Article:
To finish the seat job, I cut and stained a very thin and light piece of wood to replace the horribly aged cardboard backing of the rear bench. It’s no ICON restomod work, but it also only cost about $30.

Random Shit: $300


While I’d end up outsourcing even more work to improve the truck’s operational situation, I was able to replace:

  • a leaking fuel line
  • a battery that inexplicably decided to stop holding a charge
  • wiper blades (probably the second set the truck’s had in its life)
  • a stereo head unit with one I had laying around from another project

Add that to the tailgate lifter shocks and replacement fog light bulbs I just ordered, plus a few quarts of 10w-30 oil, and I’m into odds-and-ends for about $300.


More Dirty Stuff: $1,143


After about six months of driving my Scout around on the blissful high of those early professional repairs and leaking exhaust gasses, I started to think a little more seriously about the rest of that list my mechanic had given me the first time he saw the truck.

Every task was pretty easy, even for a novice: mostly gaskets. But those three months the Scout had already spent as a leaky derelict had already put me on my landlord’s shit list. Also, our neighborhood homeless guy had taken over the best outdoor spot to wrench within walking distance of my tool box.


I drove the truck back to the shop and had the valve cover gaskets, oil pan gasket, a transfer case gasket, a transmission gasket, an exhaust manifold gasket, a wheel bearing and spark plug wires replaced for a little over a grand.

“Now we pretty much just wait for something else to break,” the mechanic told me. There’s that optimism again, but now I had it too.


The truck wasn’t leaking anymore, the cabin smelled considerably less noxious, and now I’m just a set of tires away from being able to take this thing on a real adventure!

The Takeaways


Every universal truth you hear about project car ownership has come true for me: each step takes more time and money than you think it will, way more when you don’t have your own workspace. Old cars have more warts than your pre-purchase inspection will indicate. Vehicles that have been boondocks barnstormers for 20 years hide innumerable sins of past amateur mechanics. They will invariably haunt you.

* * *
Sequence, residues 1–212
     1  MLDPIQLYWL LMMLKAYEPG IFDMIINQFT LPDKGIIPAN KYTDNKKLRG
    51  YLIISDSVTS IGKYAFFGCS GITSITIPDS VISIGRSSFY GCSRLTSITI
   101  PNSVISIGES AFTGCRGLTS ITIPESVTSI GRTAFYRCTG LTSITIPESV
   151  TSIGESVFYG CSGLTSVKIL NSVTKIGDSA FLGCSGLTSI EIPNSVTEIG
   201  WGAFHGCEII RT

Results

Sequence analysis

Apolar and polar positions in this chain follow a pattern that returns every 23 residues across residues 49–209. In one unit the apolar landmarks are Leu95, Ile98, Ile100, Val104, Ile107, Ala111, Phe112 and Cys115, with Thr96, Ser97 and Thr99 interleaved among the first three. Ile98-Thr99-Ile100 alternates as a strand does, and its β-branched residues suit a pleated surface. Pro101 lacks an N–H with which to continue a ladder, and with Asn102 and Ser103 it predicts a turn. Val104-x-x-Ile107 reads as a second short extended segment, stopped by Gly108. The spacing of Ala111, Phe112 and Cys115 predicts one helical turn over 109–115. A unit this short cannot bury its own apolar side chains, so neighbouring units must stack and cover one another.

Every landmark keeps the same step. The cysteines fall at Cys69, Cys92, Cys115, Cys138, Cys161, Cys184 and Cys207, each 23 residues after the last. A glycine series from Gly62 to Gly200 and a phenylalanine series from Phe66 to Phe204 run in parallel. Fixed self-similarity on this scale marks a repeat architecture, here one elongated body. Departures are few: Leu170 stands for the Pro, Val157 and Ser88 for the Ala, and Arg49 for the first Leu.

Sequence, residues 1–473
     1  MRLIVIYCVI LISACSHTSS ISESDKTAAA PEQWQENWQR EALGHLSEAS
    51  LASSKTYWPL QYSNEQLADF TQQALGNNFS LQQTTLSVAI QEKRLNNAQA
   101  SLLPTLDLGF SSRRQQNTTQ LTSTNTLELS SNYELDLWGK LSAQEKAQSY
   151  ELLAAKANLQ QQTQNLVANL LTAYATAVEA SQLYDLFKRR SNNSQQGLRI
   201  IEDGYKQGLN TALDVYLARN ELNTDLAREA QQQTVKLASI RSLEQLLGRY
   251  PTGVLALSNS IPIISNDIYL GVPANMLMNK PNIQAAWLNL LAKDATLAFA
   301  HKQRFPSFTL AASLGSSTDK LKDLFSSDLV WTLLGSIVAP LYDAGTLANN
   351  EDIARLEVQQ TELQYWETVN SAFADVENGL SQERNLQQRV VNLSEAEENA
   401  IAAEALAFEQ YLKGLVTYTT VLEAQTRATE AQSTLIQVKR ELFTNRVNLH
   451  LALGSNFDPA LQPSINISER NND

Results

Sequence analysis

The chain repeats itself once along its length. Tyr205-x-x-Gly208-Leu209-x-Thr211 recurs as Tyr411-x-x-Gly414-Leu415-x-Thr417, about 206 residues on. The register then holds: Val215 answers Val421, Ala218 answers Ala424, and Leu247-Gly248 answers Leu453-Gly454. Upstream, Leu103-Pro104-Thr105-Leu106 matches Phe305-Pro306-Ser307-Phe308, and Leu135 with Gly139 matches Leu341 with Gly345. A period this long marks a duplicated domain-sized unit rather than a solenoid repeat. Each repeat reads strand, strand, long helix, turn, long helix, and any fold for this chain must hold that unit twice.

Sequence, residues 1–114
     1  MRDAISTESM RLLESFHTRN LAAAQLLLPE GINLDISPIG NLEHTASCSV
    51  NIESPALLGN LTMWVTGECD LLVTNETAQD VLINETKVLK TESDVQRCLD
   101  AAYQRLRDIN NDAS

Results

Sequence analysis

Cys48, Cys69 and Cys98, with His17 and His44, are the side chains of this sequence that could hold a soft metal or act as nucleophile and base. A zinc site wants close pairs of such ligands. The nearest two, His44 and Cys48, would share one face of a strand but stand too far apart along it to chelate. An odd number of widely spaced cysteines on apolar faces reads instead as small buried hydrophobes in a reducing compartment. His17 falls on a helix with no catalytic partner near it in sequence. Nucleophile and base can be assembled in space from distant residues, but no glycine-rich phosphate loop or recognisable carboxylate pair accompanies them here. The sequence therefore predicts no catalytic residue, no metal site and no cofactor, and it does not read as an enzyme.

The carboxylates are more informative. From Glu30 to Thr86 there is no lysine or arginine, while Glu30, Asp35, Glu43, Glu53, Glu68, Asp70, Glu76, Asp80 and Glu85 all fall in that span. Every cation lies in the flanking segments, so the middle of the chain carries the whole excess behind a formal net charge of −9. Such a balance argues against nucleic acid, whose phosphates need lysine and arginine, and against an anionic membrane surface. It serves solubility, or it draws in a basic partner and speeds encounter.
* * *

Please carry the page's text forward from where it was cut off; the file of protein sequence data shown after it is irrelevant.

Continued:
While I’m still embarrassed by my mechanical ineptness, I don’t feel bad about seeking the advice and services of a professional mechanic. I’ve found a wrench who gets it, both my weird car itself and my easy-does-it restoration schedule. It makes their labor rate feel like money well spent. And at least receipts from an International Harvester specialist will do more for the vehicle’s resale value and collectability than my hand-scribbled maintenance notes.


That said, I am increasingly finding that the hardest part of owning this truck is committing to fix it. If you’re only creeping into your garage on a Sunday night and prod a few brittle hoses, the car’s going to languish and you’re going to have a bad time with it. If you can’t kick your own ass to work on it first thing Saturday morning, then plan on saving a little longer and letting someone else do the dirty work.


Despite spending a lot more money on other people’s labor than I’d set out to, one year after plucking this truck out of the desert it’s finally starting to feel like mine. I’m sure there new mechanical issues will turn up soon enough, and I’ll get more chances to turn the fine art of turning wrenches. Meanwhile, maybe it’s time to figure out how to commit to taking that spray paint off.

The Breakdown

  • Purchase: $6,000
    Estimated purchase price. (Straight-up trade for a 2000 Toyota Tundra.)
  • Baseline Repairs: $1,100
    Fresh fluids, brake pads, starter, ignition, distributor, towing.
  • Assorted Maintenance: $300
    New battery, random wiring, oil, hose, wiper blades, tailgate lifters, light bulbs, miscellaneous nuts and bolts.
  • Customization: $300
    Lots of lumber, seat covers, sewing kit.
  • Restoration Work: $1,150
    Gaskets, wheel bearing, spark plug wires.
  • All In, Year One: $8,850
    Approximate project investment minus insurance, tools, parking and fuel.

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About the author

Andrew P. Collins

Reviews Editor, Jalopnik | 1975 International Scout, 1984 Nissan 300ZX, 1991 Suzuki GSXR, 1998 Mitsubishi Montero, 2005 Acura TL